Unlimited Bay Area transit pass trial begins with Santa Rosa Junior College students

The passes are not available to the general public, but transit managers are using the program to gather data in hopes that they someday might be.|

A new Bay Area pilot program is testing out an unlimited pass to the region’s buses, trains and ferries.

Under the two-year pilot, which began late last month, the so-called Clipper BayPass has been distributed for free to students at four Bay Area colleges, including Santa Rosa Junior College in Santa Rosa.

The passes are not available to the general public, but transit managers are using the program to gather data in hopes that they someday might be.

The passes can be used to ride free with any Bay Area transit service. In the North Bay, that includes Marin Transit, Petaluma Transit, Santa Rosa City Bus, Sonoma County Transit and Sonoma-Marin Area Rail Transit.

A pass holder in Santa Rosa could, for example, take a City Bus to a SMART train station, a train to the ferry terminal in Larkspur, a ferry to San Francisco and a San Francisco Municipal Transit Agency bus around the city.

At Santa Rosa Junior College, where the passes have been distributed over the past two weeks, “students are thrilled,” said Robert Ethington, interim vice president of student services.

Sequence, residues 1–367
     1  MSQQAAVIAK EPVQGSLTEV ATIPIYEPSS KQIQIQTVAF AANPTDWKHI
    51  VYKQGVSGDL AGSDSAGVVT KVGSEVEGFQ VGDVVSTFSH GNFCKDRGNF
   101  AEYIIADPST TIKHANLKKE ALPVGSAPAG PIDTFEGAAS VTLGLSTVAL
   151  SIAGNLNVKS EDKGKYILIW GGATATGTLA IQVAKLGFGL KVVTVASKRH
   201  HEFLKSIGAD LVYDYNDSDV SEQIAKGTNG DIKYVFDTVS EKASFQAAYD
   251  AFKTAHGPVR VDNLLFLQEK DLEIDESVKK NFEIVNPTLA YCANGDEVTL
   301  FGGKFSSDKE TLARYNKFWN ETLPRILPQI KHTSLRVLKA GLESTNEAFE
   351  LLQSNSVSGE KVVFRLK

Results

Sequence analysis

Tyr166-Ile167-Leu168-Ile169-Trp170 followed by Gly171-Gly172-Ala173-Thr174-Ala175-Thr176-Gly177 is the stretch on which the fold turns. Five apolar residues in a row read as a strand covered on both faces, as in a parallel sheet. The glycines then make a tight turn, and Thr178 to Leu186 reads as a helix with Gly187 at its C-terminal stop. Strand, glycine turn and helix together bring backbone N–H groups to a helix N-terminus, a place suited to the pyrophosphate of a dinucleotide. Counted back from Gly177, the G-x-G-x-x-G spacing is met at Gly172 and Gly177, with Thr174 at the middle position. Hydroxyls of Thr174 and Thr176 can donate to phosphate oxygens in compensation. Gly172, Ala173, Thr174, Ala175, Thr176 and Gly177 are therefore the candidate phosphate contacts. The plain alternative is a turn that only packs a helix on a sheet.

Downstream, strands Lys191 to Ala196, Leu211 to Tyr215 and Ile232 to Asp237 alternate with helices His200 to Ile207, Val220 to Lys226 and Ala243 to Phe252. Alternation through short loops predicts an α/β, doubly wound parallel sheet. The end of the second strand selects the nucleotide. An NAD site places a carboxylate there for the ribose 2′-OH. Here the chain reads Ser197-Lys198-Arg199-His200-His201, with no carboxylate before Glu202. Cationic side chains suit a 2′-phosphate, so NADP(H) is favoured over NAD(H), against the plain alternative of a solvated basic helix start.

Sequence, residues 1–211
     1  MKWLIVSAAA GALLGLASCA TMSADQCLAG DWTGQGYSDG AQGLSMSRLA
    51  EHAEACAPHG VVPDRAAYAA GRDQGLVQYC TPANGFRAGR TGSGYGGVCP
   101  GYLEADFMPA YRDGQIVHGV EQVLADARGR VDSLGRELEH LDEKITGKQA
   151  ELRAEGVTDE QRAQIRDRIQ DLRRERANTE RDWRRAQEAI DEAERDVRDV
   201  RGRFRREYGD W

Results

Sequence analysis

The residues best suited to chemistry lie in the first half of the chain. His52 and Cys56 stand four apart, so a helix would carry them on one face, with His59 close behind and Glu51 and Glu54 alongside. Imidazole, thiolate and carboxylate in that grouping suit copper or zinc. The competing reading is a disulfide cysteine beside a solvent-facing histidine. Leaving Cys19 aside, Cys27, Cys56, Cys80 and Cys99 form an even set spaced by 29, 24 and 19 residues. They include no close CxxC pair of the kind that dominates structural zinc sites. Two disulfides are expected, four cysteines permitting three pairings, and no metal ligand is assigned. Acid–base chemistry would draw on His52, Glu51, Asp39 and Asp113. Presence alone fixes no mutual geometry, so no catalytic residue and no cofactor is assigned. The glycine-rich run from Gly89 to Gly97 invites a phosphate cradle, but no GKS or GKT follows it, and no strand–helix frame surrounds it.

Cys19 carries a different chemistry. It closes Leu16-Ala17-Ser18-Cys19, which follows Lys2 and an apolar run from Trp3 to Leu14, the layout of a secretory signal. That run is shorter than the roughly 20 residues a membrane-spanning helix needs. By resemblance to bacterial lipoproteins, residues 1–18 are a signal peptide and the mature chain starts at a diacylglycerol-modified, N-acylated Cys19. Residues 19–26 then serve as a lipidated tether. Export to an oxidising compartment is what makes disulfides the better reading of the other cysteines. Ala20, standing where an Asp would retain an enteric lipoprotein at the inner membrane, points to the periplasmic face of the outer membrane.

“They love that it’s one pass and they can go from here, take three forms of transportation and be at a Giants game,” he said.

Santa Rosa Junior College is the only school in the Bay Area where the entire student body is eligible for passes.

The other participating schools are San Francisco State University, San Jose State University and UC Berkeley. At those campuses, passes are only available to about a quarter of the student body, which provides for a control group by which program managers can measure the success of the passes, said John Goodwin, a spokesperson for the Metropolitan Transportation Commission, which is running the pilot along with Bay Area Rapid Transit officials.

“The purpose of this pilot program is, do folks with Clipper BayPass ride transit more often?” Goodwin said. “And do they use a greater number of different systems than the control group does?”

Program managers plan to eventually expand the program by distributing the passes to some of the residents in affordable housing communities managed by MidPen Housing.

“We’re very keen to see what kind of use these passes generate so that it can inform decisions about future products that would be multiagency passes,” Goodwin said. “What would that pass look like? And is it all agencies, all the time? How do you price that? And how do the different transit agencies divide up those dollars?”

Santa Rosa Junior College students can register for passes at sustainability.santarosa.edu/transportation.

As of Tuesday, 2,640 students had registered and the majority had picked up their passes, according to Ethington.

You can reach Staff Writer Matt Pera at matthew.pera@pressdemocrat.com. On Twitter @Matt__Pera.

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